There's plenty about the actual guitars already on this site, but I thought I'd make this brief post to summarise the appearance and characteristics of the classic 'one-piece' vintage reissue Strat pickup from Fender Japan. Whereas Fender's MIJ (Made in Japan) Telecaster of the late '80s to mid '90s era featured an authentic looking bridge pickup with an inaccurate sound, the Stratocaster of the same period had the opposite - pickups with a totally unconvincing appearance, but a strongly reminiscent tone...
The earliest ’57 and ’62 Stratocaster reissues from Fender Japan featured pickups which pretty accurately followed the vintage spec. But as those initial MIJs were starting to emerge in the early 1980s, the standard (non-vintage) American models were already carrying a more practical pickup with a one-piece moulded plastic bobbin, and these new-style units made a lot more sense on the production line. Cheap to make, properly insulated to avoid the centre of the coil shorting out against the magnets... Moulded plastic bobbins were the way forward.
The prospect of switching authentic vintage fibre top and bottom plates for the new plastic moulded bobbin on mid-range reissues, as a money-saving measure alone, must have been a consideration early on. And indeed it didn’t take too long for budget and practicality to oust authenticity. By the mid ‘80s, the popular Fender Japan ’57 and ’62 reissues were carrying an adaptation of the early ‘80s American ‘standard’ pickup. Plastic bobbins, plastic link-up wire, and a slightly pinkish coppery coil, wound tight, with no wax-potting. In fact, the only fundamental difference between the new Japanese ‘vintage reissue’ pickup and the early ‘80s American ‘standard’ pickup, was the length of the poles. On the MIJ reissues, the poles were staggered; on the early ‘80s US Strats they were flush.
Above you can see the main features of the MIJ reissue pickup as fitted to ’57 and ’62 Strat replicas from the mid ‘80s onward. Just like on a vintage Strat, the pole-pieces are made from alnico V. But apart from that, the construction is a major departure. The cavities between the poles run right through the bobbin from top to bottom, saving on plastic. You can see how the plastic bobbin would look without the coil in this article on Strat pickups.
These moulded MIJ staggered Strat pickups didn’t of course sound exactly like the original vintage units of the ‘50s and ‘60s, but they weren’t very far wide of the mark at all. They had more upper midrange kick than the polite and glassy rival VI pickups from Tokai, which featured traditional fibre construction. To my ears, the Fenders’ upper mid bite was more in keeping with the vintage tone than the Tokais’ hi-fi clunk. The Tokai VIs were nice, very well made and convincing to look at, but they sounded more like ‘70s pickups than ‘60s pickups to me.
Admittedly, a strong upper mid bite was a bit much on a brand new Strat. It rendered the Japanese Fenders a bit light on bass and slightly nasal in tonality. But actually, real vintage Strats have that same mildly nasal quality in the pickups. It’s just that the ageing process balances things up, adds bottom end and rolls off some of the more vicious treble. You’re left with the character – the punch, but not the imbalance. The ‘80s MIJ Strat reissues, with their one-piece pickups, needed a few years’ playing in (and normally some extra compensation from the amp tone controls in the beginning), but they had that notorious poke and energy. The pickups may not have been great to look at, but they had the right tonal nuances, and unlike numerous other vintage reissue units, they had the characteristic excitement and attack.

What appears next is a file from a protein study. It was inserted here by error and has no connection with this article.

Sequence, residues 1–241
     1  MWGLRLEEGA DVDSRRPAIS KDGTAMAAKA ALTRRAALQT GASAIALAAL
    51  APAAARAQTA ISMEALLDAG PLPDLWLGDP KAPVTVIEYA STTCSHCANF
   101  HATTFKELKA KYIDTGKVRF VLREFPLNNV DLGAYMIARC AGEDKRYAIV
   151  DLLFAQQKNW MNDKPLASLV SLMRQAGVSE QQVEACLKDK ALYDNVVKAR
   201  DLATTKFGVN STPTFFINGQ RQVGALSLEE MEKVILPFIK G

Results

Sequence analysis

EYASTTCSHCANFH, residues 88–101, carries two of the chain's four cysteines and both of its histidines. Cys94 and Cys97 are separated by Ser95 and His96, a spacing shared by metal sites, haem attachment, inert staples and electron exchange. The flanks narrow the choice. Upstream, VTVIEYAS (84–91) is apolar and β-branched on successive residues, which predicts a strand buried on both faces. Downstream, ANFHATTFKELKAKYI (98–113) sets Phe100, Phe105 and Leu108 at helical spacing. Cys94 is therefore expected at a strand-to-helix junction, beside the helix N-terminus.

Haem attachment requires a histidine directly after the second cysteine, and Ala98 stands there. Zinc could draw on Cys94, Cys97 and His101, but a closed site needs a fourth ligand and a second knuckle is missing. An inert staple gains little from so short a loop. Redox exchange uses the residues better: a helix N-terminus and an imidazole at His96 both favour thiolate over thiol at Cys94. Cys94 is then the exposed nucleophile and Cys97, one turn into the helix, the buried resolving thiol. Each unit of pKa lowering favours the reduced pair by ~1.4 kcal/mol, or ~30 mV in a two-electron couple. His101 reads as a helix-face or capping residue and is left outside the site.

Above you can see that even with the covers on, the difference between the Tokai VI Staggered Strat pickup (left) and the Fender one-piece MIJ Staggered Strat is pretty clearly apparent. The Fender has wider pole-pieces with no chamfer. The Tokai has a heavy chamfer and narrower poles. You can also see that the Tokai VI’s fibre bottom plate is light grey (as is the top plate). This accurately simulated the colouring of a mid '60s Strat pickup. The link-up wire on the Tokai pickup has been replaced. It was originally a rather synthetic looking cloth-covered wire.
Even through into the mid 1990s, the one-piece staggered alnico Strat pickups fitted to Fender Japan's '57 and '62 reissues remained full of vitality. Only when alnico staggered poles were dropped in 1995 did things take a turn for the worse and at that point, the guitars instantly lost their tonal appeal.
On paper, the rather grim looking pre-'95 Fender Japan staggered alnicos shouldn't have worked. They had the wrong type of construction, the wrong coil wire, and the inner coil was the wrong distance from the magnets. But work they did, and I'm sure I wasn't the only one over the years who replaced a set of these with something much more expensive, only to prefer the plastic Fender 'cheapies' and put them back in. There were better Strat pickups available, obviously, but not all flashy alternatives had the edge on these cheeky little monkeys!
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